Tent Cabins, October 2017
The Tent Cabins. These are tent cabins in the Lodge/Tent City area of Grant Grove Village. Records also indicate a manager's cabin was built in 1924 and there were at least 12 tent cabins in this area in 1926. The concession records indicate the Lodge tent cabins were built in 1940, however we know the Lodge itself and the bathhouse were built in 1930 or earlier. It seems unlikely they would have built a Lodge and/or Bathhouse the size of these for 12 tent cabins. It is more likely that several new tent cabins were built around 1930 and were remodeled in 1940, so the concessionaire conveniently claimed that as the construction date to make them sound new. Regardless, the records indicate there were 33 tent cabins in this area by 1940, which explains the nick-name "Tent City". There are about half that many tent cabins left today.
The sides and back of each tent cabin originally had half walls, with the upper half of each cabin being canvas tents. If you look closely you will see plywood panels have been added to wall in the upper wall area. The windows slide to open, and the doors are made of wood planks. Each cabin originally had a wood stove inside for heat, however the stoves were removed a few years ago. Now only the roofs are canvas (the canvas has been removed for winter in this photo.) Inside they have 2 double beds, a few also have a 3rd twin bed. Bare wood floors, bare wood walls, no heat, no electricity, and no bathroom. These are primitive sleeping cabins. A battery powered lamp is provided when you check in. I suggest you bring or purchase a flashlight. Depending on which tent cabin you stay in, the bathhouse is up to a half block away, there is minimal night lighting along the paths in this area.
The Lodge Building. The centerpiece of the original Lodge Area was the Lodge building. It no longer exists, but I remember it well. It was designed by Gilbert Stanley Underwood and built in 1930. It originally contained a small dining room, visitor registration, lounge with a fireplace, and showers. Starting in 1969 it was used as a General Store and ski shop. Unfortunately it burned down in 1993. It was a significant historic loss for Grant Grove Village. I wish I had taken a photo of it.
The cabin shown in the photo above is one that was originally built as a housekeeping cabin with a solid roof. Notice the use of boards rather than plywood below the gable and the hinged windows. The cabins at Meadow Camp all have horizontal siding, and gabled roofs, as shown on the cabin in this photo.
Originally these cabins had wood-burning stoves for heat. The wood stoves have been removed, but you may notice a faint smoke smell still lingering in the wood cabin walls from the many years of wood burning stoves. The cabins had electric lights installed either originally or very early, you can see the wires in old photos. But the electric lights were later removed when the wiring became old and unreliable.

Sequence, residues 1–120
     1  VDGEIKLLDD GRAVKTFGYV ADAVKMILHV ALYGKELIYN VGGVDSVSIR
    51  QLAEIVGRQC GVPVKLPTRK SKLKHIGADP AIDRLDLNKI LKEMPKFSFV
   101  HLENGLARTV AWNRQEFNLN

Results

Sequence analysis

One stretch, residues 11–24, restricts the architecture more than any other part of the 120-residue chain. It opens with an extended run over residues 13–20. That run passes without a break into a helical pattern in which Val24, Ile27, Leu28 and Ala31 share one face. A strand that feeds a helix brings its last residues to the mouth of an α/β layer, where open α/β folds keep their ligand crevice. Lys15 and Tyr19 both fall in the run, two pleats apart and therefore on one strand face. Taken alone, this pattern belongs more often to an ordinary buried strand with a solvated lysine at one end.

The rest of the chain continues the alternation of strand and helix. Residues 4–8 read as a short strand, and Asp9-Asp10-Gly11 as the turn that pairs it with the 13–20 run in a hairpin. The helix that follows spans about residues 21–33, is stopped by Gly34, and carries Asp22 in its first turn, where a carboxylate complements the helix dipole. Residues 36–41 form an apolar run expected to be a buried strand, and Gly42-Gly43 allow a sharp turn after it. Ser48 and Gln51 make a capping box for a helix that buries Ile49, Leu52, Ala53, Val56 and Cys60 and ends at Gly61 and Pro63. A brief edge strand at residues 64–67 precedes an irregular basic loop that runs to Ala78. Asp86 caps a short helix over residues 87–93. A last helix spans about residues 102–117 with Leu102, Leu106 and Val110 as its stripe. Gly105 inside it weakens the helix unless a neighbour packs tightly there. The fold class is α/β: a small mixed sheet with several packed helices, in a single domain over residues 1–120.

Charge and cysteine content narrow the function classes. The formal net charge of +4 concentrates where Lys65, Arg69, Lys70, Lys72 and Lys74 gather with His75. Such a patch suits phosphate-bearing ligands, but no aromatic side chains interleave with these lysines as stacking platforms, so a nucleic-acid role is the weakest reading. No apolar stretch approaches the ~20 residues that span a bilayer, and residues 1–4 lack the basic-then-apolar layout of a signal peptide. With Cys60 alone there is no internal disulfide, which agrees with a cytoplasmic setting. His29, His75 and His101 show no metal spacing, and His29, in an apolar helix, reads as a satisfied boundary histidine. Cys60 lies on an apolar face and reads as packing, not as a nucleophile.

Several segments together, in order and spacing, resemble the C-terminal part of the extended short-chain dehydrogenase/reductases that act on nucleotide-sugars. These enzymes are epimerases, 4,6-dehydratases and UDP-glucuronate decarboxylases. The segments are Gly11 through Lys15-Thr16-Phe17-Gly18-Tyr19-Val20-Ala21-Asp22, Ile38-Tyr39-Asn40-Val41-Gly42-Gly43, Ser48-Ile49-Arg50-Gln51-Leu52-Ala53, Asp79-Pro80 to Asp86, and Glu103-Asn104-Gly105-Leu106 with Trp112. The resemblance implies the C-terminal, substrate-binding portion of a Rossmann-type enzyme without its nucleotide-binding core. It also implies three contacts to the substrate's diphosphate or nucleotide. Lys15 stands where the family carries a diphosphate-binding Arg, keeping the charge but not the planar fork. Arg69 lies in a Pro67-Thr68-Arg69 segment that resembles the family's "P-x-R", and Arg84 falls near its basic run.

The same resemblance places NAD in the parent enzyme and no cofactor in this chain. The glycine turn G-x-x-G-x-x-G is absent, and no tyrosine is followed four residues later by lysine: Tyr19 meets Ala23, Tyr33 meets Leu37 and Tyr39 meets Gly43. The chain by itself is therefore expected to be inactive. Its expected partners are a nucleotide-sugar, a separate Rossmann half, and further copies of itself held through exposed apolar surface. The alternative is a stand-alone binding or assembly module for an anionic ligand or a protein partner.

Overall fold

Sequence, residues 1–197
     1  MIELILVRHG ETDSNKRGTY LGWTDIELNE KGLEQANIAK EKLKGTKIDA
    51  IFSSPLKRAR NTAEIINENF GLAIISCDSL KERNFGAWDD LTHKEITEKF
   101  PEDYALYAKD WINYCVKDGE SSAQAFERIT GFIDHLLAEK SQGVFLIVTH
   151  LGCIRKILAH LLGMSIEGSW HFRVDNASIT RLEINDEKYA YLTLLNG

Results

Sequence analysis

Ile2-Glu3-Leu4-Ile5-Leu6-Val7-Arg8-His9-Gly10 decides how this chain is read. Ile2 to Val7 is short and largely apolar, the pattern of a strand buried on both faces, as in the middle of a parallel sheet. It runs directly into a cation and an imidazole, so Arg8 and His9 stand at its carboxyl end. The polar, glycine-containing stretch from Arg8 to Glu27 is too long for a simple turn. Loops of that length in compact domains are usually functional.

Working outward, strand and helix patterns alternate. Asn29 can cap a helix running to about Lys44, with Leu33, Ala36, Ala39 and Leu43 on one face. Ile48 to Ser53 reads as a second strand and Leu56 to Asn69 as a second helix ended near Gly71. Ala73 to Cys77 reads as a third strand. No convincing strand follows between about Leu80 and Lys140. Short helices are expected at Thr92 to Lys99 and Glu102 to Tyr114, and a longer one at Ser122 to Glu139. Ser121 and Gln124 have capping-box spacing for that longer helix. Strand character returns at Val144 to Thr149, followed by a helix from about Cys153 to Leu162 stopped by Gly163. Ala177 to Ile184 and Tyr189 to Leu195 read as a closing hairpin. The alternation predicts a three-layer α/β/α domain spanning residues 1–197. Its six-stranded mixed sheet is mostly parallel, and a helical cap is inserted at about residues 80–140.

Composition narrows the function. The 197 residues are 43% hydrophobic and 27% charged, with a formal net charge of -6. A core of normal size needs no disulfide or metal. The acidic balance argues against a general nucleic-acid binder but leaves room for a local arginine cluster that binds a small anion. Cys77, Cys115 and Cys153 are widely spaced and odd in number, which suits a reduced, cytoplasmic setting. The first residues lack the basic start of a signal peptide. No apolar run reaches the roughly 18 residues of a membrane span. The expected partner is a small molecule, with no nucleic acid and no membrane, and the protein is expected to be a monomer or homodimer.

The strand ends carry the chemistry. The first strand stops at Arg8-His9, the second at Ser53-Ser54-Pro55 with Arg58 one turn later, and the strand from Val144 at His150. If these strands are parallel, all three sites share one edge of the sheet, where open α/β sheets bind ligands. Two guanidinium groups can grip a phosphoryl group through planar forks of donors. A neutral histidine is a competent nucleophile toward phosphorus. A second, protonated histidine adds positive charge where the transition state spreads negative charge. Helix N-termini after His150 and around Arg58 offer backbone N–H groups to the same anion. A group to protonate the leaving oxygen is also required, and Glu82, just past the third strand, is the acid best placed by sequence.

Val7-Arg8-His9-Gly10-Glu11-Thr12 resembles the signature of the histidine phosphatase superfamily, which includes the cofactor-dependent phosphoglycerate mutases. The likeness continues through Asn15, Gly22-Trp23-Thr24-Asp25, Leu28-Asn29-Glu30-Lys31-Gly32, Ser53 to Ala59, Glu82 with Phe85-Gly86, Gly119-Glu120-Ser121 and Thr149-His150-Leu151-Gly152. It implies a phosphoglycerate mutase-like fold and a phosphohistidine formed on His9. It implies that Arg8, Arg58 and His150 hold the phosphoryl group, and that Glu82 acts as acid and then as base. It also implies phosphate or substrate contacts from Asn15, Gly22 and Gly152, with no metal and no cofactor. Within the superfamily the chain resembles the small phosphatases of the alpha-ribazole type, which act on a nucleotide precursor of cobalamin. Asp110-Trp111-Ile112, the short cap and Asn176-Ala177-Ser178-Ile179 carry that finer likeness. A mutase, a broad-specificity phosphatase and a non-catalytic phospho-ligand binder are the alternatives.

The first time we stayed in one of these cabins was back in the mid 1980's when they were still very primitive. The cabin at that time had bare wood floors, open wood frame walls, roof with no insulation, and the cracks between the horizontal wall boards were large enough to see out through. The wiring from the old lights was still attached to the inside cabin walls, but the power was disconnected. The roof was black from the smoke of many lanterns and fires, and the cabin smelled like the inside of a chimney. The concessionaire provided us with towels, a bar of soap, a box of matches and a single kerosene lamp when we checked in. Wood for the stove was located in a wood shed by the bathhouse. It was late fall and the evening was very cool, so we built a fire in the stove and the cabin was toasty warm when we jumped in bed. Unfortunately the fire went out shortly after that. It was probably the coldest night I've ever spent indoors! By morning we were wishing we had sleeping bags instead of the light blanket they provided on the bed. I recently talked to one of the maintenance crew who has worked at Grant Grove for many years, and he recalled how one night a guest dropped one of the kerosene lamps and caught the cabin on fire, creating considerable excitement for the staff and guests! Needless to say, the cabins today are vastly improved over those old days.
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